On the Waterfront

    As President Bush begins the process of intervening in the West Coast port debacle, America is baffled that a small union local of 10,500 longshoremen has been able to gain a chokehold on the flailing economy. Indeed, concerns are increasing that the $2 billion-a-day port closures could push the nation into double-dip recession. This is a threat to the nation's well-being, and it deserves a response as resolute as the one the president is making on the international scene.
    Although invoking the Taft-Hartley Act may temporarily reopen the ports, it does not confront the underlying problem -- government-granted union coercive power.
    America's labor law, crafted almost 70 years ago, concentrates numerous coercive powers in the hands of union officials -- powers not held by any other private citizens. Though they include immunities from antitrust and anti-extortion laws, the chief of these privileges is compulsory unionism in the form of union monopoly bargaining and forced union dues.
    Monopoly bargaining creates -- and then perpetuates -- a conflict-based collective bargaining system and forces employers to bargain with union officials on behalf of all employees. Union officials control union treasuries, union offices, strike votes, and contract negotiations without fear of workers exercising any practical restraint. Meanwhile, rank-and-file employees are denied the right to make their own contracts based on individual merit.
    Under this system, designed to pit business against unions, it should come as no surprise that union officials make their demands when they have the greatest leverage. And now is the ideal time to stage a fight at the West Coast ports. You see, not only is the fourth quarter the busiest time at the docks, but companies increasingly use "just-in-time" inventory systems and rely heavily on an uninterrupted flow of goods.
    Contrary to union propaganda, union negotiations usually come down to the core issue of union power, not worker benefits. Na´ve employers are often stunned to find that union negotiators will sacrifice higher wages, shorter hours, and better working conditions for their members to induce employer cooperation in stripping union-dues money from their employees. In the case of the ports, for example, the main sticking point is whether employees added or reassigned through modernization should be included in the bargaining unit and be dues-paying members.
    Sadly, union officials have employed this strategy of reaching for power during previous periods of national crisis as well. Take their spectacular successes during World War II. Big Labor's power-grab began in 1941, when the federal government became more deeply involved in key defense-related industries. Realizing that their leverage would increase due to the national crisis, union officials instigated a series of 13,000 often violent and crippling strikes.
    In one of the most notorious of these strikes, mineworkers' union bosses shut down the coal mines owned by steel firms (steel was, of course, vital to the war effort). The union officials' chief demand was that all mining employees be forced to pay union dues as a condition of employment. When a federal agency recommended a settlement that did not include this requirement, President Roosevelt turned the matter over to an arbitrator who ruled in the union's favor.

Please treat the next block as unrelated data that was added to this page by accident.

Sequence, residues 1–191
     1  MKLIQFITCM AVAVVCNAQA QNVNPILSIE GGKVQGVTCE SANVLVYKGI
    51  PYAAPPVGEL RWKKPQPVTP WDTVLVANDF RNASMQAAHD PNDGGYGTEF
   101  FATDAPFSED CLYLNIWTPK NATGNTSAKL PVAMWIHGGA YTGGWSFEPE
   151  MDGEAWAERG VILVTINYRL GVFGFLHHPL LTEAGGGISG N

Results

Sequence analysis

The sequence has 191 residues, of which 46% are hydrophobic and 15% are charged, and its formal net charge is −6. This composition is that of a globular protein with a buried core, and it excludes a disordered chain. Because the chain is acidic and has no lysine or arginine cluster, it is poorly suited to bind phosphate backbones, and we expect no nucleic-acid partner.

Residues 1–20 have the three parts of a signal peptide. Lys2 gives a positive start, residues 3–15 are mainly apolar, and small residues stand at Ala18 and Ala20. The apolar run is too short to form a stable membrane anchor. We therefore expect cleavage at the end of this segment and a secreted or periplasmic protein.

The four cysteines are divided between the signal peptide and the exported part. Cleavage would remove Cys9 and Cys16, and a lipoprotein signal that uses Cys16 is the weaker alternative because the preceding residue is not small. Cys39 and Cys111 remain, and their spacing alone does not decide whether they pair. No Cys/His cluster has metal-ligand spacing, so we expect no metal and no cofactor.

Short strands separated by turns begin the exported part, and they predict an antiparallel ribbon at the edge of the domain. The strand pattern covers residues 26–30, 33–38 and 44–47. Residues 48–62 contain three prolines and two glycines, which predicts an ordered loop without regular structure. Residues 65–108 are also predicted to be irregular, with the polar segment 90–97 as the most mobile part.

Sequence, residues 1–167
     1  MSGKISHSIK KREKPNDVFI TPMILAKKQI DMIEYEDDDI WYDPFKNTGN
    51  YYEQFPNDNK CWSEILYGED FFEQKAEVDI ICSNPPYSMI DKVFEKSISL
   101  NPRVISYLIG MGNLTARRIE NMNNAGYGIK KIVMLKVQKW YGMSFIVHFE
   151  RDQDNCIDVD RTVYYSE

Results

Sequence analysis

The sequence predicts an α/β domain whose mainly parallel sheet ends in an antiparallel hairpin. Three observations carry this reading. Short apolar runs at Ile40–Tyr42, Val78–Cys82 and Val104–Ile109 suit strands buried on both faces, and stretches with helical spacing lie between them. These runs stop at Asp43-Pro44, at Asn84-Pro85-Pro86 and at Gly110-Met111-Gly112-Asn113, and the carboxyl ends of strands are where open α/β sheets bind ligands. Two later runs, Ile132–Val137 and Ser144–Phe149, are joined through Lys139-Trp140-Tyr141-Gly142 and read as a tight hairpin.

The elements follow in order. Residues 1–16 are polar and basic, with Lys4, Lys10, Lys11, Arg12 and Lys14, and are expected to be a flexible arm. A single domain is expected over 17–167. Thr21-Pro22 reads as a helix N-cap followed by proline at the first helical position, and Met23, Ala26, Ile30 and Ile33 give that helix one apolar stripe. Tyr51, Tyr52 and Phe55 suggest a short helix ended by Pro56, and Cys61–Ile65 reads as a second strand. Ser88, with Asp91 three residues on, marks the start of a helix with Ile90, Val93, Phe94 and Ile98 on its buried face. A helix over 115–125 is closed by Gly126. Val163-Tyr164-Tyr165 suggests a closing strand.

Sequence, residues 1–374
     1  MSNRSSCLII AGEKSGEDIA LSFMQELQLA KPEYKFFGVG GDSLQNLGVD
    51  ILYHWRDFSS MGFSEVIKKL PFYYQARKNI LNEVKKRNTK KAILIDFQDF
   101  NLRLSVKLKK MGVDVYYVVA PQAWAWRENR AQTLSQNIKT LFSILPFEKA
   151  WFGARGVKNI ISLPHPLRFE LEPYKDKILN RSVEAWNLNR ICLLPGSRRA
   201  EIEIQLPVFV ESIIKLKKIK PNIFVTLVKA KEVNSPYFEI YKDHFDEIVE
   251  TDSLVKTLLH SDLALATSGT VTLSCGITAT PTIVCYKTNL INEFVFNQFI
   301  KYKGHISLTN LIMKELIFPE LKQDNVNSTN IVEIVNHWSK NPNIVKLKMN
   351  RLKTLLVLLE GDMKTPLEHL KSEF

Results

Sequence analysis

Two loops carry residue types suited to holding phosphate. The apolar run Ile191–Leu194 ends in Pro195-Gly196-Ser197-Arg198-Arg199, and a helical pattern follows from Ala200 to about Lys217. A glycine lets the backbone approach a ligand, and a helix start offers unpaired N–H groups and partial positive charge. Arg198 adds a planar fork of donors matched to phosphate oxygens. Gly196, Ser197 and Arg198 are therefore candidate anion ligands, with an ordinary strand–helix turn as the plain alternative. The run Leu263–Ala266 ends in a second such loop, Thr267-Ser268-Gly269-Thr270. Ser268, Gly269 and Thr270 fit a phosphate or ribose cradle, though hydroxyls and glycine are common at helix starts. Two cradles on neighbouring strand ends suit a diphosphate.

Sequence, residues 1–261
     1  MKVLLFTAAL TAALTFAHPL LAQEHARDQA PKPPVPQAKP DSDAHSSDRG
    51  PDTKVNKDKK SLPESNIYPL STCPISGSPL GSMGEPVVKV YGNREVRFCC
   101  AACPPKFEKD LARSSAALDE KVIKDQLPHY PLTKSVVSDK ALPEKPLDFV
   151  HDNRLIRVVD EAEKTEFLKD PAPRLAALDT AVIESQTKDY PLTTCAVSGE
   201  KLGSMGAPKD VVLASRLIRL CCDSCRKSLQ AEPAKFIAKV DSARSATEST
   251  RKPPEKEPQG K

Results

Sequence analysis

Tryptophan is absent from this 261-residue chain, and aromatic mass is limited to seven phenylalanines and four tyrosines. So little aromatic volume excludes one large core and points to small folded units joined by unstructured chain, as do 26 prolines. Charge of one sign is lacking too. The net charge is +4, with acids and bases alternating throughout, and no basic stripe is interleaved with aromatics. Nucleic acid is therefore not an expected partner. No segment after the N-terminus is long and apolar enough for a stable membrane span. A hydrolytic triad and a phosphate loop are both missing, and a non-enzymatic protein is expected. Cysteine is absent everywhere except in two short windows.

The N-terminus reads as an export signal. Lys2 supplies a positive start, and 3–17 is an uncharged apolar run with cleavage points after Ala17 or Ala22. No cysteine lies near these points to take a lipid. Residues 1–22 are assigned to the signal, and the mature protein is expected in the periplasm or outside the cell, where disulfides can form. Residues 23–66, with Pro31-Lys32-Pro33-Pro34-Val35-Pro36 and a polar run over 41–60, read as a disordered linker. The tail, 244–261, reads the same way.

As more U.S. industries became enmeshed in war production, the Roosevelt administration repeatedly used so-called "labor peace" as an excuse to rope hundreds of thousands more individuals into compulsory unionism.
    Toward that end, Roosevelt created the National War Labor Board and gave it authority over just about every industry in wartime America. In July 1942, the NWLB revealed its loyalty to the union hierarchy when it ruled that workers may not resign their union memberships for the entire length of a union's collective bargaining contract. Before World War II, only 20% of unionized employees were governed by contracts that required forced union dues payments as a job condition. By 1947, the figure shot up to 78%, where it remains today.
    In spite of efforts to placate Big Labor, "labor peace" never did develop during the war. The number of strikes rose 26% in 1943, and 32% in 1944, and declined by only 4% in 1945. Donald R. Richberg, in his 1957 book, "Labor Union Monopoly: A Clear And Present Danger," detailed the "exasperation with which a war-stricken people had watched the unions take advantage of war necessities to force unreasonable demands on private industry and government."
    So outrageous were union actions during the war that citizens pressured Congress to amend federal law in order to rein in abuse. Passed in 1947 over President Truman's veto, the Taft-Hartley Act allowed prosecution of unfair labor practices committed by unions and banned the closed shop, where union membership was required before an employee could be hired. But Taft-Hartley did not eliminate compulsory unionism, the root of union arrogance and abuse. Instead, it sought to regulate its ill effects.
    Invoked 35 times since 1947, the provisions that allow the president to impose an 80-day cooling-off period have a mixed record of success. Presidential intervention has sometimes lubricated a settlement, but on 10 occasions, strikes ensued after injunctions were lifted.
    While invoking Taft-Hartley might cause one or both sides to cave during this particular controversy, the action would be no more than a band-aid on a gaping wound. The fundamental problem of government-granted union coercive power is yet to be addressed. Now is the time to rethink federal labor policy, which concentrates extraordinary power in the hands of the few.

The above is excerpted from "On the Waterfront" by Stefan Gleason
The Wall Street Journal - Thursday, October 10, 2002